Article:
Adults who are insured under Medicaid visit emergency rooms 40 percent more often than those in similar circumstances who do not have health insurance, according to a new study. "When you cover the uninsured, emergency room use goes up by a large magnitude," Amy Finkelstein, a professor of economics at MIT, said in a press release. She acted as co-principal investigator in a recent study published in Science, along with Katherine Baicker, a professor at the Harvard School of Public Health.
In a 2011 paper published in the Quarterly Journal of Economics, the same team showed that Medicaid coverage increased doctor visits, prescription drug use, hospital admissions, and self-reported good health, all while reducing out-of-pocket expenses and/or unpaid medical debt. In a more recent 2013 paper featured in the New England Journal of Medicine, the researchers showed that Medicaid coverage reduced the incidence of depression but unfortunately did not produce measurable improvements in physical health. Their newest study similarly rests on a foundation laid by Oregon's recent lottery system, which granted access to Medicaid to a limited number of uninsured adults.
History and Context
In early 2008, Oregon determined it had a budget windfall that would allow it to enroll an additional 10,000 adults in its OHP Standard Medicaid program, a government-backed health care plan for low-income Americans. OHP Standard covers primary care physician services, prescription drugs, all major hospital benefits, hospice care, mental health, and chemical dependency services (including outpatient services), and some durable medical equipment. In short, although it excludes vision and nonemergency dental services, OHP Standard provides comprehensive health benefits with little to no consumer costs; monthly premiums range from zero to $20 depending on income.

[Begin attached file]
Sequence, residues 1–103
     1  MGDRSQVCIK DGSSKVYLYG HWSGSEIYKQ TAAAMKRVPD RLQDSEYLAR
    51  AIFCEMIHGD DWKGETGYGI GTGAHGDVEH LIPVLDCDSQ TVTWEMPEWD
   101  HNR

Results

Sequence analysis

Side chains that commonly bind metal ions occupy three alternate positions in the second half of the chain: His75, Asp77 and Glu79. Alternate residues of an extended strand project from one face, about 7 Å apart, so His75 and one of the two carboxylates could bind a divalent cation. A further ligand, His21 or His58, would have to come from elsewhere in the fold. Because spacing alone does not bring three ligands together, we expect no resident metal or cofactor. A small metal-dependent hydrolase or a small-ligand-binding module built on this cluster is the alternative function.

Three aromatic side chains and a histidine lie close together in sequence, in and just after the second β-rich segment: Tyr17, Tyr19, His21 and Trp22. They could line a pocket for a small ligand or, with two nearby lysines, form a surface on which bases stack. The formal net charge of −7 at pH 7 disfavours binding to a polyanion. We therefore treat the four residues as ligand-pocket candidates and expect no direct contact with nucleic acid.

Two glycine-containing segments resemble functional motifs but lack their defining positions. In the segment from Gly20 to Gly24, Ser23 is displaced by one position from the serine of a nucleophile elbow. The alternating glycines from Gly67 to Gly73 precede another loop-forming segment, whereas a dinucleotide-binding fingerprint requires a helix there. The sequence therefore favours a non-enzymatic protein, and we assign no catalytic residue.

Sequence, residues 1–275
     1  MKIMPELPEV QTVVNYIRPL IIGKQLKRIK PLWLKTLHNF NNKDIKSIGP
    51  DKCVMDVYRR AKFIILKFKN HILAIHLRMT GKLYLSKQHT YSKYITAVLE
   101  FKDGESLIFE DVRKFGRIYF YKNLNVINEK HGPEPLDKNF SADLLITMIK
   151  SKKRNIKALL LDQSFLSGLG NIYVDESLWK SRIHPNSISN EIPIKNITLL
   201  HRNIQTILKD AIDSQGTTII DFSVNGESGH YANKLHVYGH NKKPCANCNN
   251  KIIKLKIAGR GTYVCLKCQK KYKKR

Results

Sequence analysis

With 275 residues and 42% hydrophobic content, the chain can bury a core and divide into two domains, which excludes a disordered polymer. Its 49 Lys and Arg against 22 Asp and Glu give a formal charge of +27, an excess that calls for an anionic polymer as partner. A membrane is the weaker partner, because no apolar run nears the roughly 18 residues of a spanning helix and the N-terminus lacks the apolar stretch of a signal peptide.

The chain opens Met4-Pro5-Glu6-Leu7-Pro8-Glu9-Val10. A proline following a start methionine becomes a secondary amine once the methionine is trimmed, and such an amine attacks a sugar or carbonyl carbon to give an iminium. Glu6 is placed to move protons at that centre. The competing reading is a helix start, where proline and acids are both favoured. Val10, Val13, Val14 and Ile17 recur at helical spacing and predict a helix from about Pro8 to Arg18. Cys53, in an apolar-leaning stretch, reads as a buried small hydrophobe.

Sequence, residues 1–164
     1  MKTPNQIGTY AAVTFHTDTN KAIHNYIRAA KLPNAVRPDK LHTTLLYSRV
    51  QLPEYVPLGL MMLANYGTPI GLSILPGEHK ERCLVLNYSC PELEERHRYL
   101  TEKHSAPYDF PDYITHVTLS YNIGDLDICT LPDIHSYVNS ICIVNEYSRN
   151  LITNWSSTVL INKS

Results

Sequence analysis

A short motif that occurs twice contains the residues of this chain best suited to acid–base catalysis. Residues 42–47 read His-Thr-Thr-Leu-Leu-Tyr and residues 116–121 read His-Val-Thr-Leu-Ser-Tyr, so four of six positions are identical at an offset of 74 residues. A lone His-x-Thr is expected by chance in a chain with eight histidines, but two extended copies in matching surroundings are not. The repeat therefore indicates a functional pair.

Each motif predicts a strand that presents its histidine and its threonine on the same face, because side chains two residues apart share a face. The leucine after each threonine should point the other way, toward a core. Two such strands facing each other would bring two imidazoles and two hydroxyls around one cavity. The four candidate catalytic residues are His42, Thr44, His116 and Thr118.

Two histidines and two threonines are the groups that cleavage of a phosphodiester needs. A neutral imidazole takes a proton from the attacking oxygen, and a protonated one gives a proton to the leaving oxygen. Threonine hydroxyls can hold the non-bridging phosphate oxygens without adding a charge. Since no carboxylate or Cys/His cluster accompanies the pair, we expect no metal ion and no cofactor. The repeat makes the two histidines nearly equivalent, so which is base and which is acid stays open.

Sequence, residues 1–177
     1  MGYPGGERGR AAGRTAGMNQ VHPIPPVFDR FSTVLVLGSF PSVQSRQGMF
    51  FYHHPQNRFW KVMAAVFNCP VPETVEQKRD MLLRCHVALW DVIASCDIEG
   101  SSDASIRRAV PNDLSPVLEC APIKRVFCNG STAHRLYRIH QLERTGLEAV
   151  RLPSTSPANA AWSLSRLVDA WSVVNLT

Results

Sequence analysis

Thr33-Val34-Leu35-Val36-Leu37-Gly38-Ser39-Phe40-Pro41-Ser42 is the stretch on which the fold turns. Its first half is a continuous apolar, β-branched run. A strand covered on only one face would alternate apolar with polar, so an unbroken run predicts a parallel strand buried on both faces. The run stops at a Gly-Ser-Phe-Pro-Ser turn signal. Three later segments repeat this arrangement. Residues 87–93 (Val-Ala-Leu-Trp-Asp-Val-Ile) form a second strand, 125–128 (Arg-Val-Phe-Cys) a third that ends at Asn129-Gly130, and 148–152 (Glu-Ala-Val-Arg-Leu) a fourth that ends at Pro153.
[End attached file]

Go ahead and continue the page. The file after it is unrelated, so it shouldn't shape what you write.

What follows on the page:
Anticipating (correctly) that many more people would want to be insured under OHP Standard than the state could afford, Oregon established a lottery system and then drew names from a list of 89,824 individuals. In total, 35,169 individuals — representing 29,664 unique households — were selected by lottery and about 30 percent of those individuals successfully enrolled as they met all of the eligibility requirements: legal Oregon residents between the ages of 19 and 64 who were not otherwise eligible for Medicaid and had been without health insurance for six months; those with income below the federal poverty level along with assets beneath a $2,000 ceiling.
What makes this lottery so special, from a social scientist’s perspective, is it created a group of state residents obtaining Medicaid coverage who were otherwise similar to the applicants who continued to lack insurance coverage. In other words, it created an opportunity to conduct a randomized controlled evaluation of Medicaid.